The Tale of Tea is the saga of globalisation. Tea gave birth to paper money, the Opium Wars and Hong Kong, triggered the Anglo-Dutch wars and the American war of independence, shaped the economies and military history of Táng and Sòng China and moulded Chinese art and culture. Whilst black tea dominates the global market today, such tea is a recent invention. No tea plantations existed in the world's largest black tea producing countries, India, Kenya and Sri Lanka, when the Dutch and the English went to war about tea in the 17th century. The Tale of Tea replaces popular myths about tea with recondite knowledge on the hidden origins and detailed history of today's globalised beverage in its many modern guises.
1 The Primordial Origins of Tea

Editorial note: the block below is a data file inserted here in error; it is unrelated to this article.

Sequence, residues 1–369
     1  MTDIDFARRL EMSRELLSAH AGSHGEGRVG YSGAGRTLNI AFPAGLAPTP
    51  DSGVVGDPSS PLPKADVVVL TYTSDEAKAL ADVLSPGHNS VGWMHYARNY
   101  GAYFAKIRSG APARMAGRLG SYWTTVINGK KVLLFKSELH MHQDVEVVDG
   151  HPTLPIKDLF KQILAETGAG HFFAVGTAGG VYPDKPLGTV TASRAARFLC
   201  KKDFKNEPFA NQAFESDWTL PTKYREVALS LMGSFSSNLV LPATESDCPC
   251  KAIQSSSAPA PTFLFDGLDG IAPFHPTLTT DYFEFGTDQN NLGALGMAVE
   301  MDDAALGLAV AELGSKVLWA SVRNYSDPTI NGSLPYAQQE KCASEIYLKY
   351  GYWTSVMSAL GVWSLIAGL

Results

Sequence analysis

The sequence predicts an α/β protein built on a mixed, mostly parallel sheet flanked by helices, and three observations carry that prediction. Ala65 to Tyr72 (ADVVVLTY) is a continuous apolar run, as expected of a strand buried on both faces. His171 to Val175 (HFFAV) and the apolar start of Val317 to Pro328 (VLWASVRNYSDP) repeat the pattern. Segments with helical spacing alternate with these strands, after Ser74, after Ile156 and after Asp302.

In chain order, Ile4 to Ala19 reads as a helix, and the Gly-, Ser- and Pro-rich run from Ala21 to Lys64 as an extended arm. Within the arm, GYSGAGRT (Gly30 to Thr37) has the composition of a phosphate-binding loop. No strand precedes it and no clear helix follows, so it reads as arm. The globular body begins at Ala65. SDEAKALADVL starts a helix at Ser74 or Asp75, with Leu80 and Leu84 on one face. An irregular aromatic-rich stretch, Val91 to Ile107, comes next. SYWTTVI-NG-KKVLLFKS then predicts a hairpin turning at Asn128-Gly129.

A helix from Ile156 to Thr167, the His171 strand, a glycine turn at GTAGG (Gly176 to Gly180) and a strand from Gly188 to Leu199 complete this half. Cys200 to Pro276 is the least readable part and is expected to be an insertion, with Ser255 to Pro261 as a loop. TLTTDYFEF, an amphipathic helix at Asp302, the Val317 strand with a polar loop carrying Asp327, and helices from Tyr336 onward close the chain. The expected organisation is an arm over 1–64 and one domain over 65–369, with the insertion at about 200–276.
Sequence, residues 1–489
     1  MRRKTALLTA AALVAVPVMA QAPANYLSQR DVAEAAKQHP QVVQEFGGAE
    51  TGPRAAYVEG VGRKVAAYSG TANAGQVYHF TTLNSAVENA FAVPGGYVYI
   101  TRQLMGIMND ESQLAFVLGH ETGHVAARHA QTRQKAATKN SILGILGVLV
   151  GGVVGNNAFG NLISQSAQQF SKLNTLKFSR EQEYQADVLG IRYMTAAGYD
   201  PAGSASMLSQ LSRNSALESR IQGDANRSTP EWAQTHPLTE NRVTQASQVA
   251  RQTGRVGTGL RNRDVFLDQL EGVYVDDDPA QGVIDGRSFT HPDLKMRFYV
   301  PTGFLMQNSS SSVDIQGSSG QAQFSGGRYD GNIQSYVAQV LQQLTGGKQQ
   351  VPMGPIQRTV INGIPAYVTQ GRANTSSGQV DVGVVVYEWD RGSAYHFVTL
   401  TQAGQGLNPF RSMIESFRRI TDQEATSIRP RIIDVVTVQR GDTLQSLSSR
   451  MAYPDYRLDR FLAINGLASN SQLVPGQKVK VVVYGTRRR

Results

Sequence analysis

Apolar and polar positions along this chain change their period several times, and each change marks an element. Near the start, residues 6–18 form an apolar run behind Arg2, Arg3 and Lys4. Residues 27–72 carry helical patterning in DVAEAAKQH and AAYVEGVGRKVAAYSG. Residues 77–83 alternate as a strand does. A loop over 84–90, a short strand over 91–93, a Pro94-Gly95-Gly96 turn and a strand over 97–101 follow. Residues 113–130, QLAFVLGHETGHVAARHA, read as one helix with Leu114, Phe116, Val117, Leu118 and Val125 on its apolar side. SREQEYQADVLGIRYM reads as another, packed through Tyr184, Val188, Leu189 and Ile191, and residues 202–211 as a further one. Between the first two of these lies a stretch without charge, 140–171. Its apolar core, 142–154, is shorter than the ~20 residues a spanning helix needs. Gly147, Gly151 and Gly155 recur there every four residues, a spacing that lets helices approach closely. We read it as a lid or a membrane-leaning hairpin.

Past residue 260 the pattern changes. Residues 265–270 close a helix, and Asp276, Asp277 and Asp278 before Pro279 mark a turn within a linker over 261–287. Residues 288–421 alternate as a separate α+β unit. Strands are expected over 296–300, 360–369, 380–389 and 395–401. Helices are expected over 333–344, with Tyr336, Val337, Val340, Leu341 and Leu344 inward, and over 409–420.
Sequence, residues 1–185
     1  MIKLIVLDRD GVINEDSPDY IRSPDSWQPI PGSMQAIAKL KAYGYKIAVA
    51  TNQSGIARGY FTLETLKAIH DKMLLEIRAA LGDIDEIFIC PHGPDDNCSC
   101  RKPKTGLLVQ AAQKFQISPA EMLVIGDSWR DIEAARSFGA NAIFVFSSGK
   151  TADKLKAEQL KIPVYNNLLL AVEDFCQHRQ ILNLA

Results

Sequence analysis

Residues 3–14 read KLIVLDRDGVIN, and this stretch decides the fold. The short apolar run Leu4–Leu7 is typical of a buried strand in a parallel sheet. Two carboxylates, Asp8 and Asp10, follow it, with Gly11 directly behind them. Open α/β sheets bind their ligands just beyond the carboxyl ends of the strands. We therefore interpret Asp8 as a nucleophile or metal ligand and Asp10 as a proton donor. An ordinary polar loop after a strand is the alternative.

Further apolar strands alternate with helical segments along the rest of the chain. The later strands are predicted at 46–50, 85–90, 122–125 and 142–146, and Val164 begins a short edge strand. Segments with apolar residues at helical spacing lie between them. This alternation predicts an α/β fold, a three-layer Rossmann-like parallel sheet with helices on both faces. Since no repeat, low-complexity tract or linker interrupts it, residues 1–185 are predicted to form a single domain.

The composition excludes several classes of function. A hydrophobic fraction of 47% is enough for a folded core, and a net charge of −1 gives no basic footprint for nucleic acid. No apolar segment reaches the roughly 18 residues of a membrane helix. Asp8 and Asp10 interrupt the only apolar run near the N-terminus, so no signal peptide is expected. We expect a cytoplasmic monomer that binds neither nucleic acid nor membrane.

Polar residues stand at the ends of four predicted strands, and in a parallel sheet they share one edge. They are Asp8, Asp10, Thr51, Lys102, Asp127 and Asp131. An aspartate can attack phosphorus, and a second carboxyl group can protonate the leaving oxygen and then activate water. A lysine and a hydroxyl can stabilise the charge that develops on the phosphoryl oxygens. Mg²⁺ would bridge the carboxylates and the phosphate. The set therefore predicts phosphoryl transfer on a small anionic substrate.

2 Tea Spreads to China
3 Tea Arrives in Japan and Korea
4 East Meets West: the Intrepid Portuguese
5 Dutch Capitalism and the Globalisation of Tea
6 The English Take to Tea: Wars in Europe
7 Interlude: Coffee and Chocolate
8 Taxes vs. Freedom from Oppression
9 Tea transformed: Wars in Asia
10 Tea Terroir and Tea Cuisine
11 Tea Chemistry and Fanciful Concoctions
12 Tending the Tea Garden
George van Driem directs the Linguistics Institute at the University of Bern, where he occupies the Chair of Historical Linguistics. He has written grammars of Limbu, Dzongkha, Bumthang and Dumi and authored the two-volume ethnolinguistic handbook Languages of the Himalayas (Brill, 2001).